Whisky workers have called on the UK Government to introduce special measures to shield the £5billion industry from Brexit uncertainties.
Last night, the effect on the drinks trade was described by the Scotch Whisky Association as the ultimate test of the country’s success in leaving the EU.
The claim came on the same day the GMB union asked for guarantees from Westminster, similar to those given to car giant Nissan, amid fears the latter would leave the country after last year’s referendum vote.
The company praised the “support and assurances” of the UK Government while pledging to stay in Sunderland.
Now, the GMB, which represents whisky and spirit workers, has written to Scottish Secretary, David Mundell, urging him to provide the same backing.
The union’s Scotland organiser, Louise Gilmour, said: “Whisky is a massive success story for Scotland – and the UK – but we need the government to back us up in the months and years ahead.
“Westminster was quick to pledge support for Nissan – which is also vital for the economy – but it is, frankly, dwarfed by the size of the whisky industry.”
Fears have been raised that rural areas, where it is estimated about 7,000 jobs rely on the industry, could be devastated if the industry is hit by extra taxes following Brexit.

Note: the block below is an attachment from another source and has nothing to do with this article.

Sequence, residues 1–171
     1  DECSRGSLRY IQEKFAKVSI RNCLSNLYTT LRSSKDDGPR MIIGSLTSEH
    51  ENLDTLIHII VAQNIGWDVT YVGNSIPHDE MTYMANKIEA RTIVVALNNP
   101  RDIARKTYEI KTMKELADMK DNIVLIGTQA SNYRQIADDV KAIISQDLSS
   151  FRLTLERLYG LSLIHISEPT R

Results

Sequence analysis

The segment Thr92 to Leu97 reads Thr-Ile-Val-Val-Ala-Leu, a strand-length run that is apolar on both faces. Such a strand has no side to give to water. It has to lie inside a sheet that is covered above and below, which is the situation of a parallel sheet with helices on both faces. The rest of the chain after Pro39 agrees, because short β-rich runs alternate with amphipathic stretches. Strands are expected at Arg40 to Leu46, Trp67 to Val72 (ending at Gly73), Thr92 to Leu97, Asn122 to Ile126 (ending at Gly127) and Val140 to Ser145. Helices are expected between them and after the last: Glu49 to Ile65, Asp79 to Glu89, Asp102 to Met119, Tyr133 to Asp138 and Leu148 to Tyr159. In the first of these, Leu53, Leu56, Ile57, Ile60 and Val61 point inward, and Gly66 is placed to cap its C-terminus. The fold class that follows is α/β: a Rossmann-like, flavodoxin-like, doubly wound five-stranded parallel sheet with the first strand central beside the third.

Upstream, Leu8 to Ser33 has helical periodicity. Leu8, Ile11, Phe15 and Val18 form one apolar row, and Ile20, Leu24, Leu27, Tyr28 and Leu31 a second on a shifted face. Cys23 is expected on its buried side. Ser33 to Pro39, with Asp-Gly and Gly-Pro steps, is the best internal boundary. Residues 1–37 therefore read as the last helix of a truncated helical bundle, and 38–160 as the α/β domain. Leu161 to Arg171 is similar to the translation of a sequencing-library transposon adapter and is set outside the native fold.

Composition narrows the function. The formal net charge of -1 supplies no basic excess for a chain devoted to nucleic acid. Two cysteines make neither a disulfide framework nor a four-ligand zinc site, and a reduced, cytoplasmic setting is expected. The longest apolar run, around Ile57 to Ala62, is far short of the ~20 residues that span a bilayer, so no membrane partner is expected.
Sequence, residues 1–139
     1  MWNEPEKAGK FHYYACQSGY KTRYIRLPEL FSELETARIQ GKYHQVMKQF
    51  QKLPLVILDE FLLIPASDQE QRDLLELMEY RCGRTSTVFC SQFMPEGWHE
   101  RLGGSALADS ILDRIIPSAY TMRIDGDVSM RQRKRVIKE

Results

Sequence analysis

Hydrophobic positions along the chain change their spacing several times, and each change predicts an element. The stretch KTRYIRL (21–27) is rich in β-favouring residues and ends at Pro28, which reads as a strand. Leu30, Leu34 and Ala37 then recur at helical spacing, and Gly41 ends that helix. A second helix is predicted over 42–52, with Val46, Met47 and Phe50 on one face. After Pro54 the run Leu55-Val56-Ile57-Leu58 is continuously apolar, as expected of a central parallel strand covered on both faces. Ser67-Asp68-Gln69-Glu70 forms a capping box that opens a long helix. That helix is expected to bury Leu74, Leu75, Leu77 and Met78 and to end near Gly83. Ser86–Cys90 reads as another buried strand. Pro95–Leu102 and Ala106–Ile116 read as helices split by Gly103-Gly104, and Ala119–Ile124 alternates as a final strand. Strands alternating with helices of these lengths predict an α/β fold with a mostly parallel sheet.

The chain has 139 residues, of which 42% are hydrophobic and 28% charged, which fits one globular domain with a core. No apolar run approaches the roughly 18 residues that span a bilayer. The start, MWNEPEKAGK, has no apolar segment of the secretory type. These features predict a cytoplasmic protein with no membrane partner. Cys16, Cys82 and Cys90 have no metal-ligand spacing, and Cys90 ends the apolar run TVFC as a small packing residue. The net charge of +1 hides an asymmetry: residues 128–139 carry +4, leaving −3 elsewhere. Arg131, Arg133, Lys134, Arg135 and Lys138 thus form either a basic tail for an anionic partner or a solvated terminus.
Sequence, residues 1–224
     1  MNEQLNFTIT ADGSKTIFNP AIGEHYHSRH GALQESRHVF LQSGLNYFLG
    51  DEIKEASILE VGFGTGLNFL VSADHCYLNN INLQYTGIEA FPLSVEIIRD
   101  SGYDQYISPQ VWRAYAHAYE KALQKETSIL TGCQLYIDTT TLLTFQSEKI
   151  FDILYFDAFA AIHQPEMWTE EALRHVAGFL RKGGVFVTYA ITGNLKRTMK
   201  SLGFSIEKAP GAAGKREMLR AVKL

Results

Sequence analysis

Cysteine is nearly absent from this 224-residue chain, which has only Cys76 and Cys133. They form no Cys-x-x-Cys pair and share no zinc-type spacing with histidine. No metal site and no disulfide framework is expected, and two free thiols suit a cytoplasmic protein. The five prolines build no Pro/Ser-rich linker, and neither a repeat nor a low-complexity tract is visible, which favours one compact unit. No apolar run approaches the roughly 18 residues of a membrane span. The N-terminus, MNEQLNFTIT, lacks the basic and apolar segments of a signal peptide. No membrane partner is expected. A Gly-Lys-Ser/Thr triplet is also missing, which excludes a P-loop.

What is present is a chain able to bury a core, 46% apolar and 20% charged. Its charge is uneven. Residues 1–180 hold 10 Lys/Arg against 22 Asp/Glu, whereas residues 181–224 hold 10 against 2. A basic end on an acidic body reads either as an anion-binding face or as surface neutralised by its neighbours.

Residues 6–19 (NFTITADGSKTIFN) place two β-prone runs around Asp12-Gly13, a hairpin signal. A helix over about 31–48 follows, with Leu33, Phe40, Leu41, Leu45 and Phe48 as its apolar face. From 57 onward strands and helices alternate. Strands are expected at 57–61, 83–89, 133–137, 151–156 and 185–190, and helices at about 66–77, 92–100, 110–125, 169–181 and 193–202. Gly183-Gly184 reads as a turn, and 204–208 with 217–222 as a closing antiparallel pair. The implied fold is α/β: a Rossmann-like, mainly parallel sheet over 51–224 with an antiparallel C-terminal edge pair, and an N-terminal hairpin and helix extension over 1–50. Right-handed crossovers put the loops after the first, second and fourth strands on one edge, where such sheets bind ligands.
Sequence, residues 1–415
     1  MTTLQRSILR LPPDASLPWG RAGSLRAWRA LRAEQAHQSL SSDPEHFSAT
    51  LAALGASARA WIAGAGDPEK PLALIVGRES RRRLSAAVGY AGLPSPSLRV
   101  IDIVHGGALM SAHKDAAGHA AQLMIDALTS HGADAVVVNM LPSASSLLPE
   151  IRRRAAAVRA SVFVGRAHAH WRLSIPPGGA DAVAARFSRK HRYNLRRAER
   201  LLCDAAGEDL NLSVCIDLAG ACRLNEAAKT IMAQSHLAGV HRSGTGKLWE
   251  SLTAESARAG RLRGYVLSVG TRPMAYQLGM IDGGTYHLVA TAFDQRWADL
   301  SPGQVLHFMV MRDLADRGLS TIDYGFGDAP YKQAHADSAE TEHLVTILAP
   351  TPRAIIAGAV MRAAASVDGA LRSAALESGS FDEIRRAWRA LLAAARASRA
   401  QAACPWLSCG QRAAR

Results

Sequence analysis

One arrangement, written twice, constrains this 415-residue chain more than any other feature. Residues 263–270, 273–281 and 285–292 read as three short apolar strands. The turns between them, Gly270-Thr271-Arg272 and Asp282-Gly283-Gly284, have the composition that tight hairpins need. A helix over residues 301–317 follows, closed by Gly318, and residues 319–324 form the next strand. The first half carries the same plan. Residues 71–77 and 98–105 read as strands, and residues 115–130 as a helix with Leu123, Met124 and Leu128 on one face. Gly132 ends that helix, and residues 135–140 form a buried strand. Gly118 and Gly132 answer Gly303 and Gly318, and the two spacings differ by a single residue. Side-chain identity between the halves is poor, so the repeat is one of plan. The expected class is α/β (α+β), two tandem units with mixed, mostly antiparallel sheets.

World Trade Organisation agreements mean whisky is not subject to tariffs inside the EU, but £400million of exports go to international markets where deals were agreed in Brussels and could be subject to extra fees in the future.
The Scotch Whisky Association’s Rosemary Gallagher added: “We agree the success of the industry should not be taken for granted during a time of such change.
“As a major manufacturer and exporter, the continued growth of Scotch will be a litmus test of the success of the UK’s exit from the EU.”
Moray MSP, Richard Lochhead, has backed the call from GMB and demanded guarantees were put in place for the industry.
He said: “If the UK Government can’t guarantee the industry’s future and make up for any damage, they should not be taking the industry out of the single market.”
A UK Government spokesman said: “As we prepare to leave the EU, there has never been a better time to become more outward looking – developing new trading relationships and establishing our place as a truly global Britain.”